30+ Years of Freedom of Information Action

Testimonials

“Using freedom of information law and extracting meaningful details from the yield can be an imposing, frustrating task.  But since 1985, the non-profit National Security Archive has been a FOILer’s best friend, facilitating thousands of searches for journalists and scholars.  The archive, funded by foundations and income from its own publications, has become a one-stop shopping center for declassifying and retrieving important documents, suing to preserve such government data as e-mail messages, pressing for appropriate reclassification of files, and sponsoring research that has unearthed major revelations .... We are pleased to present this special 1999 George Polk Award to the National Security Archive ... for piercing self-serving veils of government secrecy, guiding journalists in search for the truth and informing us all.”

- George Polk Award citation (2000)

“It was one of the more enjoyable and important efforts that I have been involved in recently … Yours is truly a critical effort as we must find a way to engage with Iran … and quickly.  Building trust thru your historical work (here) certainly will be helpful.”

- General J. H. Binford Peay, III, former Commander-in-Chief of CENTCOM (2011)

“The editors, from the National Security Archive and the Cold War International History Project – organizations whose continuing publications have provided essential insights into the recurring crises of the Communist system from the l940s until its collapse by l991 – have assembled a series of sources that demonstrate the true depth and amplitude of the East German uprising of June 16-17, 1953.”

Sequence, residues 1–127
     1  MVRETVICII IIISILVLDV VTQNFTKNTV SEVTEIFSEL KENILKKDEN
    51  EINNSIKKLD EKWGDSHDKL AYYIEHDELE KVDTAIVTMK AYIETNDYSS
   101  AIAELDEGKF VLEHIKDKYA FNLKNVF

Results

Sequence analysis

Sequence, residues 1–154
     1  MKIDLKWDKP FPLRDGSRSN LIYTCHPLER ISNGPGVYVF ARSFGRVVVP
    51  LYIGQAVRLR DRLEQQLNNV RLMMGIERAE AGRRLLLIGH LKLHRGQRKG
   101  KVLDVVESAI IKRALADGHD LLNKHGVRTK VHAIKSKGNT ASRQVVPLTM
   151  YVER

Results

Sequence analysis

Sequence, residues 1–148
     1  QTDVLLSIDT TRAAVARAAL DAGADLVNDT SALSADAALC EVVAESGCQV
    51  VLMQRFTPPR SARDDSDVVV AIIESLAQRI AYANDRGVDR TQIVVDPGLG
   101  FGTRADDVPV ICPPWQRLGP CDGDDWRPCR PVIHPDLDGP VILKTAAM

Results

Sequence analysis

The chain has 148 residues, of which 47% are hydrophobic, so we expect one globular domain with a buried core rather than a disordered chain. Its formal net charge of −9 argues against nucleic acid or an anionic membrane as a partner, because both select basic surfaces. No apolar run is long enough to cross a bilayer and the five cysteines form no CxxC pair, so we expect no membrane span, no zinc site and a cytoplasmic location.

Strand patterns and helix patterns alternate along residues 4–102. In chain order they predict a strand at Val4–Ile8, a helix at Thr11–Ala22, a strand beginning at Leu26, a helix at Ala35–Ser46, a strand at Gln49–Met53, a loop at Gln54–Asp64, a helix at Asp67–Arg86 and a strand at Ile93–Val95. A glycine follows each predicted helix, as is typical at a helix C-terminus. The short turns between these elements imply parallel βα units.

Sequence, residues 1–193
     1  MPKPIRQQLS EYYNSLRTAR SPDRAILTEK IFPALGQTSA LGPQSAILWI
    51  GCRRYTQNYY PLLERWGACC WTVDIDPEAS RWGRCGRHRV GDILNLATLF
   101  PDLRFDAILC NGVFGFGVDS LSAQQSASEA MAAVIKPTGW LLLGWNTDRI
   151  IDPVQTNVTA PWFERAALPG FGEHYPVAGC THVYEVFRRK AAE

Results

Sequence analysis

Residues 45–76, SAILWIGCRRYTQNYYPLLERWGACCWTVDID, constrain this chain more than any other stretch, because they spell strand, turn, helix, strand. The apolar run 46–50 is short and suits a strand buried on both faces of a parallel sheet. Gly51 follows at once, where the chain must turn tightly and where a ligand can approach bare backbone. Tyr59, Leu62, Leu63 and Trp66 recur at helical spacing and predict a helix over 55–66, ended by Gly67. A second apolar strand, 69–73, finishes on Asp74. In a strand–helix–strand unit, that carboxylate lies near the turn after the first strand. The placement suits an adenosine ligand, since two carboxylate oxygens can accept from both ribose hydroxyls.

- Charles Maier, Harvard University, on the book Uprising in East Germany, 1953

"Nate Jones of the George Washington University’s National Security Archive has done a superlative job [in Able Archer 83] of drawing together primary-source material that paints a compelling picture of this terrifying crisis, helped considerably by the outstanding scene-setting in his colleague Tom Blanton’s foreword .... The National Security Archive has done a great service to the people of the United States and anyone who wishes to learn from its history by obtaining the release of so many highly classified documents central to this story, in particular the PFIAB Report ... This is a book that should not be missed by historians, national-security experts, or any person interested in the fate of the earth."

- Ambassador Thomas Graham, Jr.

- Thomas Graham on Jones, 'Able Archer 83: The Secret History of the NATO Exercise That Almost Triggered Nuclear War', Nonproliferation Review

“In September 2008, Kate Doyle, a senior analyst at the Washington-based National Security Archive, gave expert testimony in the trial on the nature of the 21 U.S. documents that were submitted to the court as evidence by the prosecution team. During her testimony she noted that the documents reflected the conclusions of the U.S. Embassy that Fujimori had engaged in a ‘covert strategy to aggressively fight against subversion through terror operations, disregarding human rights and legal norms.’”

- Marina Litvinsky, Inter Press Service News Agency (2009)

“Russia has reverted to authoritarian type, yet there are opportunities for human rights cases and accountability in the European context.  We need from you any US documents you can retrieve on Chechnya and the enormous human cost of those wars.  Such information is called ‘state secrets’ in Russia.”